The Book Jumper

(4 Stars)
Author: Mechthild Glaser

Publishing Date
: 2017

: Feiwel and Friends

: 978-1-250-08666-2

Where do I even begin? This book was amazing from the very start. Glaser doesn’t bother waiting to catch your attention, she brings Sherlock Holmes (one of my all time favorite characters) into the picture from the very first page. I fell in love with Amy quite quickly considering how easily I could relate to her as a book lover. Early on, when her and her mother are packing to leave Germany she says “the way I saw it, it was better to take one less cardigan than have to do without one of my favorite books.” That has “me” written all over it, especially since I’m known to bring a separate suitcase for books!
As we get to know Amy, we discover she is clumsy, and often times referred to as a “little giraffe,” by her mom Alexis. She has a love for food, even going as far as to stating “that was why [she] lived [her] life by a simple motto: never pass up an opportunity to eat anything greasy.” She’s fun, and though initially timid, is extremely passionate and develops into a bold individual. 
During Amy’s time in Stormsay, she discovers she’s a Book Jumper, and begins taking lessons by jumping at the stone walkway, the Porta Litterae, the entrance to the world of stories. She quickly learns that as a book jumper, it is vital she protect the plots of these books at all costs. If Amy were to intervene at any point, for example, by providing food for Oliver Twist instead of him following the plot and asking for a second helping, it would appear in every edition of the book ever printed (e-copies included.) The book world is clearly not a place for children to play, and is to be taken very seriously. 
Unfortunately, not everyone on Stormsay was taking things as seriously as they should have. I found Alexis’ behavior, Amy’s mother, appalling. At times I would begin wondering where Amy’s Mother was, and I’d remember she was present, but was more-so a roommate, or an equal to Amy. Alexis said that when she ran away, pregnant, that she wasn’t ready to be a mom, so when she gave birth to Amy, she taught her to call her Alexis. Though I understand struggling with your identity as a mother, and I can even understand how you’d question raising your child in different ways, I don’t understand how you could completely eliminate “mom” from their vocabulary. Often times I truly felt that Alexis behaved selfishly, and immaturely. She was more focused on her hurts, and her feelings, and her love life, than she was on the safety and protection of her daughter in what Alexis said was a “dangerous” world.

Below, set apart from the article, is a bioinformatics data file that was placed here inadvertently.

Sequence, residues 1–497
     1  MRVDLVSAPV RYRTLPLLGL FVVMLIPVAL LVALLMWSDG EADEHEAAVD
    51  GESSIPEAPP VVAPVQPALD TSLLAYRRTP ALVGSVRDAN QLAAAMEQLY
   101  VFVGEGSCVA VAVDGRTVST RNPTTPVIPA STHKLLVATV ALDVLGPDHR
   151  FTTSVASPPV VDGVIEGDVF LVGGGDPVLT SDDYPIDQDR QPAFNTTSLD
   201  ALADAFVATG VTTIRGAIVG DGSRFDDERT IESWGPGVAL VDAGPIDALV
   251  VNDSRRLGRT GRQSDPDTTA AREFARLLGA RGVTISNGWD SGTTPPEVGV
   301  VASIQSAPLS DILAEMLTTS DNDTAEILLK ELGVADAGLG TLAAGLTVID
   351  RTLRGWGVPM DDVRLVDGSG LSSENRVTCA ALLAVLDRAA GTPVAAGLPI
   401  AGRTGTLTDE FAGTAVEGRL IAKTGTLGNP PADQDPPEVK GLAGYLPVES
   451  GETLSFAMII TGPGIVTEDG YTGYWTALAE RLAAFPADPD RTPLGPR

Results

When Amy first arrives to Stormsay she meets 3 men with vicious burn scars on their faces. Desmond, Glenn, and Clyde are fictional characters who, after their story was destroyed in a horrible fire at the hand of the Macalister and Lennox houses feuding, became teachers to the following generations of book jumpers. They are able to live and maintain in the real world but must nap every few hundred years. They are the only known survivors of the story that had been destroyed.
In the novel, we also meet Will – a very dreamy, witty, intelligent, and kind book jumper. Throughout the story we see a well-paced romance develop between Amy and Will. I truly had such a good time watching their love unfold. They were beautiful, modest, and genuine. I was appreciative that Glaser didn’t hold out too long in the story, however, I wasn’t prepared for everything to unfold the way it did.


I think it’s safe to say the ending of this book ruined me… More than anything it felt like a cop out. I honestly felt like Glaser didn’t want to write a sad ending, but also didn’t want to write a traditional fairy tale ending either. I can understand that, and can even respect it, but this ending was just… too much. Once we finish this tale, and have hunted down the thief stealing the main ideas of stories we come to find out it’s the same princess from Desmond’s tragic story come back to haunt the world. 
This nine-year-old bratt (really about 500 years old,) threw the largest tantrum of her life and actually caused the death of Will, forcing him to commit suicide so that he didn’t kill Amy. Amy goes into complete and utter shock, and then jumps out of this story and into Peter Pan, Will’s favorite, in which Tinkerbell preserves him eternally as a Book Character. No worries, right? He’ll be like Desmond, Glenn, and Clyde (characters preserved from a story burned long ago.) Will, will be able to live in the real world with Amy, but as a fictional character, which is no big deal, because she’s half fictional. 
*Buzzer Blows* WRONG. This magic only preserves his life in Peter Pan and IF he ever left, he would die. 
The ending felt lazy, and as if Glaser was trying to be unique, so she added this “different” ending that I personally think just botched the whole story.

Overall I do believe that the story was beautifully written. It was full of detailed imagery, genuine emotion, and well written characters. Personally, I had qualms with Alexis, and with the ending, but otherwise found it to be a good read. Glaser caused my heart rate to quicken, my mouth to dry, and my eyes to read at the speed of light during moments when I needed answers. It was a journey I dare not say I’ll ever forget.

Thank you for reading my thoughts, and feel free to message me anywhere if you’d like to discuss your thoughts on this novel with me!


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